In the first two years of our work to advance new approaches to prevent and reduce substance use among youth and young adults, a key finding we often share surprises most people: Young people actually think health care practitioners should talk to them about alcohol and drugs.
Unfortunately, most health care providers do not screen their adolescent patients for substance use as part of routine clinical care. And no, we aren’t talking about the “Just Say No” approach of the ‘80s and ‘90s, but a new approach based in the research literature that frames substance use as a health issue.
Just as health care practitioners counsel young people about other health matters — like the importance of eating right, exercise and safe sex — there is a new movement to apply these same strategies to discuss the negative impact that alcohol and drugs can have on their health, relationships and other things that matter to them.
Currently referred to as Screening, Brief Intervention and Referral to Treatment (SBIRT) or Screening and Brief Intervention (SBI) in some circles, the approach has been proven effective in reducing risky drinking in adults in primary care settings. Several recent promising studies have explored how SBIRT can be applied “upstream” with youth and young adults to address risky drinking and other drug use, particularly marijuana, early on before it has harmful consequences.
The central feature, and key difference from past approaches, is the emphasis on using motivational techniques to engage the young person and empower them to make healthier decisions about their alcohol and drug use. Endorsed by the American Academy of Pediatrics and the National Institute on Drug Abuse, the approach — asking questions, via a validated screening tool, in order to identify early use and respond with a brief intervention — is helping shift the paradigm regarding how we address alcohol and drug use in young people. It also provides an important opportunity to better understand why young people become involved with alcohol and drugs, and how their initiation to it impacts whether their use progresses.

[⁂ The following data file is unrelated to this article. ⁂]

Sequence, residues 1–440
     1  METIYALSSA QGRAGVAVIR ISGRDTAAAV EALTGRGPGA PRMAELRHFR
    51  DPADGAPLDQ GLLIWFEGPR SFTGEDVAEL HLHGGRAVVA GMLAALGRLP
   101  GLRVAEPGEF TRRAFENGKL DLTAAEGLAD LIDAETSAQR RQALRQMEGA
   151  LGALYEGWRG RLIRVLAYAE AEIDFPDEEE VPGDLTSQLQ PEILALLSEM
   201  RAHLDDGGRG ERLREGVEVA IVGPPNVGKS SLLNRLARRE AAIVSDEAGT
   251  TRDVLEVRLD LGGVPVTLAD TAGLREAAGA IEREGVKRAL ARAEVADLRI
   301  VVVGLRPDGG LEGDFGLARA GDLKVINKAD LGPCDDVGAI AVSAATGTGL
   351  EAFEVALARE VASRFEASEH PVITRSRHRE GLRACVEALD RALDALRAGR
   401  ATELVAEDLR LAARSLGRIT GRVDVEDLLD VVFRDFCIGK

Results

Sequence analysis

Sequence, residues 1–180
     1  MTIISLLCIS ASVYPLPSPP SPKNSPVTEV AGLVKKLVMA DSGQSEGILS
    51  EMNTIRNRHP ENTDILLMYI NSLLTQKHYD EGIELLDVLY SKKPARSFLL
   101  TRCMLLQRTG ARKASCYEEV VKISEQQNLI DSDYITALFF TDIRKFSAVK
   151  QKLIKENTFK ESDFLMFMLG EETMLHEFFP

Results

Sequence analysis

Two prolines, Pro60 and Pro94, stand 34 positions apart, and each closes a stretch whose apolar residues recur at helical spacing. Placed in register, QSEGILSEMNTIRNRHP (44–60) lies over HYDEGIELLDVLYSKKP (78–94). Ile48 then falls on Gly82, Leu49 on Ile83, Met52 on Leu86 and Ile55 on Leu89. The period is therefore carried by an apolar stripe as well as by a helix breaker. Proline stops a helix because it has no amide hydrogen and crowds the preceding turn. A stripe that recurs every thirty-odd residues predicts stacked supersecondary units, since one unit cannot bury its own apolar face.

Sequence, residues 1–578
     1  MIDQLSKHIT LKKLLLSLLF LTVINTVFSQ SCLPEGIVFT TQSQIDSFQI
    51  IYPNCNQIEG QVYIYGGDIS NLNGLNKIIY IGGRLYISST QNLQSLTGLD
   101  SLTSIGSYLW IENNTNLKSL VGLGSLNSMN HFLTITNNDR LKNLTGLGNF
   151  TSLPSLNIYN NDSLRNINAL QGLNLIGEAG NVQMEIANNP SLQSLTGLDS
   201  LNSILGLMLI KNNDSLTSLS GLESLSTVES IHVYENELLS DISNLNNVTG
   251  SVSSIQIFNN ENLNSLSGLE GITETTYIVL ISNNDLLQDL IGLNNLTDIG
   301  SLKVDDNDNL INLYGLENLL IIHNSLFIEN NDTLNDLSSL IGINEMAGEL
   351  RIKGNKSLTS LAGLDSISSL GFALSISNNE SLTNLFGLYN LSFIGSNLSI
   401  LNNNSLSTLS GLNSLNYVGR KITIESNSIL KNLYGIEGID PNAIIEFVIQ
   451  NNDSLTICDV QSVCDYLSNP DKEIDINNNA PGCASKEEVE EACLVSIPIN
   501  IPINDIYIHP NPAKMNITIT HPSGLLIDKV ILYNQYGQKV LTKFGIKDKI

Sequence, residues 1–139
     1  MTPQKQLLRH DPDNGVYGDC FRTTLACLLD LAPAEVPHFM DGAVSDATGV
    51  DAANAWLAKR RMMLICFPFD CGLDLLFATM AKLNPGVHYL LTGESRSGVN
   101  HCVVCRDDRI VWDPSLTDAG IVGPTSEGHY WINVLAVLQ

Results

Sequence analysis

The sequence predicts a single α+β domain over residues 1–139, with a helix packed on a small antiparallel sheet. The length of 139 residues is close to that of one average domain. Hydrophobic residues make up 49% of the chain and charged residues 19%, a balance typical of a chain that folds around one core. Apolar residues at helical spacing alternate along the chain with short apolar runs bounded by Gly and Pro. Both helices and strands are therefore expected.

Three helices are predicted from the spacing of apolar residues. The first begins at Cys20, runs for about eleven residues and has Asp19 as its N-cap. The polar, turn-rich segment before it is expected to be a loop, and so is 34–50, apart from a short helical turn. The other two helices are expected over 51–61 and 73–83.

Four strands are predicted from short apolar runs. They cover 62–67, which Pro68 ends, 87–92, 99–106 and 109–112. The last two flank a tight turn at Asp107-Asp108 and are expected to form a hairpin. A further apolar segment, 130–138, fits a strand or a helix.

Conversations with young people in recovery unearth a common thread: the missed opportunities where a caring adult could have intervened before life spiraled out of control. One recovery advocate shared: “At 16, when my boyfriend went to rehab, you think someone would have asked me if I was OK, but they didn’t, and my use progressed.” Examples like this are all too common, and it is time for the practitioners and systems that serve youth to become better equipped with information and skills they need to open the lines of communication effectively. Rather than dismissing the signs as so-called normal teen behavior and hoping they go away, or providing lectures that fall on deaf ears, it is time to start having informed conversations with young people and really listening to what they have to say.
The utility of SBIRT is that it can be structured to respond to youth along a continuum. Practitioners provide positive feedback to those who are not using alcohol and drugs, while letting them know that if anything changes, or if they ever have questions or concerns about their friends or family, they have somewhere to turn. For those young people who are drinking or using other drugs, the practitioner works with them to identify the impact they see it having on their life and then helps them set goals to stop or reduce their use and stay safe (for example by not riding in cars with impaired drivers, a trend still prevalent among youth). Finally, for the small number of young people who need addiction treatment, the practitioner should ensure they get connected to and receive the holistic care necessary to get them back on track.
For many youth, substance use is just one issue they’re dealing with, and others may emerge, like mental health, family issues and other risky behaviors. While addressing these issues is a complex task, we cannot continue to bury our heads in the sand and let ignorance, fear and stigma keep us from asking the important questions and developing appropriate responses. It is time to engage a broad community of young people, caregivers, practitioners, governmental entities, philanthropy and other stakeholders in conversations about how we can build collective responses to support the health and well-being of young people.
We are working with a range of diverse organizations at the national, state and local levels to train providers, support program implementation, and develop and disseminate knowledge about best practices and lessons learned. Though we have much to learn, through partnerships with organizations like the American Academy of Pediatrics, the School-Based Health Alliance, YouthBuild USA, Reclaiming Futures and Young People in Recovery, we are building the collective will to do things differently when it comes to combatting substance use disorders and improving the lives of young people.
Alexa Eggleston is senior program officer, domestic programs at the Conrad N. Hilton Foundation. To learn more about the foundation’s approach, visit hiltonfoundation.org/priorities/substance-use-prevention.
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